And it does not end there. Dead, he finds himself transported to hell, lost in the midst of a witches’ Sabbath. Shadows, demons, sorcerers dance sickeningly around him, taunting and teasing him in his own death. And then – horror upon horror – he sees that she is a part of the diabolical gathering, that she is dancing to his death with the witches. As the bells of his death sound, the terrible creatures conspire to mock god, dancing over the ancient music of his wrath, and all is lost to perpetual darkness.
Inspired by the beautiful Harriet, Berlioz went on nonetheless to become engaged to a Camille, instead. When she spurned him, he raced to Paris, seeking to murder her, her mother and her fiancé. Eventually, when this plan failed, he returned to Harriet – and there, he discovered the painful truth behind infatuation. The two wed for a mere two years.
Berlioz would go on to produce one of the most famous renditions of the legend of Faust, who sold his soul to the devil. He separated from Harriet, and though he continued to provide for her for the rest of her life, she died not long after from severe alcohol abuse. His mistress, whom he eventually married, died eight years later. A girl for whom he had affection, only twenty-one years old, died also, and Berlioz was left with nothing but his grief.
At the age of only sixty, he began, in his despair, to wish for death, and not long after, he was stricken with violent abdominal pains. The pains soon grew and spread, and in the end, consumed him. On his death bed, he spoke these final words:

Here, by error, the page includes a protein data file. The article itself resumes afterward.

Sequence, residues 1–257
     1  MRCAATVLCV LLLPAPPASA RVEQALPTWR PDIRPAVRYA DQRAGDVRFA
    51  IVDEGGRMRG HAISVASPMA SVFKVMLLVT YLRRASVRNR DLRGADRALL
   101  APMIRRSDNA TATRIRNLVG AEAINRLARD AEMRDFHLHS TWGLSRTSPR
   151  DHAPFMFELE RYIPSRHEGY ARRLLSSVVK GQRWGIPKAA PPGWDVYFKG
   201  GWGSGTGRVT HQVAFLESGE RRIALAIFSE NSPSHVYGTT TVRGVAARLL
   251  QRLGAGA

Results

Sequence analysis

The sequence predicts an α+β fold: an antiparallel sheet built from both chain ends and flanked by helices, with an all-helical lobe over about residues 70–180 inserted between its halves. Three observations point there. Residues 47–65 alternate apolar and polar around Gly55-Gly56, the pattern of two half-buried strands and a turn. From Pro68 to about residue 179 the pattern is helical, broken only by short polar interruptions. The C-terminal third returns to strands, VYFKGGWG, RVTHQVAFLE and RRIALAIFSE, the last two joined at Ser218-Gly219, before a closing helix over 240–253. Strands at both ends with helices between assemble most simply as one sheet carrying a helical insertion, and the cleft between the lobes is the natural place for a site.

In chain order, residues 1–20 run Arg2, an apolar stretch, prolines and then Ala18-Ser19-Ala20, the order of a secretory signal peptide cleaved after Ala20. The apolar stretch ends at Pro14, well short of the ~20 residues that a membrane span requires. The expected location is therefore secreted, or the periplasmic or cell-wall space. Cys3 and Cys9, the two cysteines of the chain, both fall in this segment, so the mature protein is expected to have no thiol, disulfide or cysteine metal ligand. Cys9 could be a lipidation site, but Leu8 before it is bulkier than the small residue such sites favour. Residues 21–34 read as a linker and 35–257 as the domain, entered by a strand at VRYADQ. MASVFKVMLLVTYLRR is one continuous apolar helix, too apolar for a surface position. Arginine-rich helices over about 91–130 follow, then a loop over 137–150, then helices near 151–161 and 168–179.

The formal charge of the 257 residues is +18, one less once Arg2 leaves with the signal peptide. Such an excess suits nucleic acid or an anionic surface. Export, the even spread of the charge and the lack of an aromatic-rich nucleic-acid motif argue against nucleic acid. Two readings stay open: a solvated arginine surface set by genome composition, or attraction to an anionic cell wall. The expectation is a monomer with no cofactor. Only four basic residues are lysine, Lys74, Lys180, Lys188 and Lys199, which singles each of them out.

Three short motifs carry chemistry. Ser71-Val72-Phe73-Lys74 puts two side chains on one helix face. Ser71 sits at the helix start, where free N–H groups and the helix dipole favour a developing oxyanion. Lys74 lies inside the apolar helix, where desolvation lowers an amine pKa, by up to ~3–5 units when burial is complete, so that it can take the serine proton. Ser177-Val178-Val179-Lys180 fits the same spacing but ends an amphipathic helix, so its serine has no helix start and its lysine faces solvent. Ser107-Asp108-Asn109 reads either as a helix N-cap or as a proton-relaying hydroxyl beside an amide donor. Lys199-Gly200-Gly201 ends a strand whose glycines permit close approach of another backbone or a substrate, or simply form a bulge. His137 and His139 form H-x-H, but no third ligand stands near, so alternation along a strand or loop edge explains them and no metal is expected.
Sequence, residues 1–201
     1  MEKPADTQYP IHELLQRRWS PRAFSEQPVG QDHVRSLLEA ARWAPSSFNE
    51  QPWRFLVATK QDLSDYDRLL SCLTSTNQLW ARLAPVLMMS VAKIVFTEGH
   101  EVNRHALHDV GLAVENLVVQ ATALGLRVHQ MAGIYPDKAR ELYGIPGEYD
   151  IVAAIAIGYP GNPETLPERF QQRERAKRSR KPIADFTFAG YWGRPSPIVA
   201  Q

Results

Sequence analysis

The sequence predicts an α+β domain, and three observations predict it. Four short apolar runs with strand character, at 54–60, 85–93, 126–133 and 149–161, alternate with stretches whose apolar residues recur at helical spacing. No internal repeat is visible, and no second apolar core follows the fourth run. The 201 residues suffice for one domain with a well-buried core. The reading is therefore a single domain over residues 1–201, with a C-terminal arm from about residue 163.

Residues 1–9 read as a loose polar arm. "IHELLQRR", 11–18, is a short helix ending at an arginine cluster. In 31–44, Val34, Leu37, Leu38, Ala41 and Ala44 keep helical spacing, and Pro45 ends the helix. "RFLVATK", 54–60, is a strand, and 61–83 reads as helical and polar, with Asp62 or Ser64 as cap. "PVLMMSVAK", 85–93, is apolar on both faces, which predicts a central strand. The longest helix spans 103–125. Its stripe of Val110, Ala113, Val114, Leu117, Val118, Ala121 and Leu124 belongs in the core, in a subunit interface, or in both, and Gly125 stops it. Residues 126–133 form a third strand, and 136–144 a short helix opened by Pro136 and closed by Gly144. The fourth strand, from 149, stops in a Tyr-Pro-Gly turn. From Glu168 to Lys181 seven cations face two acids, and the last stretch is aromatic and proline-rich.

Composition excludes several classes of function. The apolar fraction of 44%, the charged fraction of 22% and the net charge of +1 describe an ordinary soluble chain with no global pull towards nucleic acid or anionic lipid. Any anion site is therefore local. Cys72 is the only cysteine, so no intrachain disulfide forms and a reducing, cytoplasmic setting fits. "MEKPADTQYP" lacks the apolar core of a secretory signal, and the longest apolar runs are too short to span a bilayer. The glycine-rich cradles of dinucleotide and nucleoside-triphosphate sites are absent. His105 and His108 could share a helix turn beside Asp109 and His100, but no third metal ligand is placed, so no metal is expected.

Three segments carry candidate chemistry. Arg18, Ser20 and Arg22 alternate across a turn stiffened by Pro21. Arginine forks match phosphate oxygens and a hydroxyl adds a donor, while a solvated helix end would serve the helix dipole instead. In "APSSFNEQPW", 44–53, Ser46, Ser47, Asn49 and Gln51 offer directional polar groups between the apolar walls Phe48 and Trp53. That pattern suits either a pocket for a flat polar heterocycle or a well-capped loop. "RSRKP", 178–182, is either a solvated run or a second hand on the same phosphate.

Enfin, on va jouer ma musique.
2 thoughts on “Tales of Despair: The Fantastic Descent into Hell”
For me, programmatic music is often cheesy, and Beethoven’s 6th is my least favorite of his symphonies for that very reason. The great advantage of music is it that it creates a new reality where time is controlled by the composer and the drama is completely foreign to our normal everyday drama, so why would we want to lose that advantage. My favorite composer who was semi-programmatic is Mahler. His Resurrection Symphony, #2, is one of the most powerful emotional experiences that can be had by a human being. Thank you for the post-good topic!
It’s a touchy subject – some people love the idea, some people hate it. I often find it easy to downplay Beethoven’s playful side (very evident in the Pastorale), in the light of the ‘Sturm und Drang’ of his heavy stuff.
The nice thing about programmatic music is that you can forget the program, if you like, and simply enjoy the music. I love Berlioz’s Symphonie Fantastique, and most especially the final two movements (I get all quivery when the Dies Irae comes in!).
For me, the biggest problem with a lot of programmatic music is that the stories themselves are often far from engaging. I suppose some composers just aren’t good storytellers!